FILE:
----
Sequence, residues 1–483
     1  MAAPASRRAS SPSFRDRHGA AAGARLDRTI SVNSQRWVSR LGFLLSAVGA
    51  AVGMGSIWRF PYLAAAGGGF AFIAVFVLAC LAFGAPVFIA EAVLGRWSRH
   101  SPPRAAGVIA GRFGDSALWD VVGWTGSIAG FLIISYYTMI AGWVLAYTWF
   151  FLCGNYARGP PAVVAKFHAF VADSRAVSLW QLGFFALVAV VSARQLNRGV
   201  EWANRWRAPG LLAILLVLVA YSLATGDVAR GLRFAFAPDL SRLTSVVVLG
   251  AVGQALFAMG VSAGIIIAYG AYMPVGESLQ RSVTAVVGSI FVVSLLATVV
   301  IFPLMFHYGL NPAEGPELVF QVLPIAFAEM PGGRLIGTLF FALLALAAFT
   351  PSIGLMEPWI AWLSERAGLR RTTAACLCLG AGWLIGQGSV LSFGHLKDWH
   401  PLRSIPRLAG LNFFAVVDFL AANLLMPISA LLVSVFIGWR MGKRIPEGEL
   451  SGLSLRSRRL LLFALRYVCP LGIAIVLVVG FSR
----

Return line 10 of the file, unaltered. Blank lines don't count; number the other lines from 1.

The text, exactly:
   401  PLRSIPRLAG LNFFAVVDFL AANLLMPISA LLVSVFIGWR MGKRIPEGEL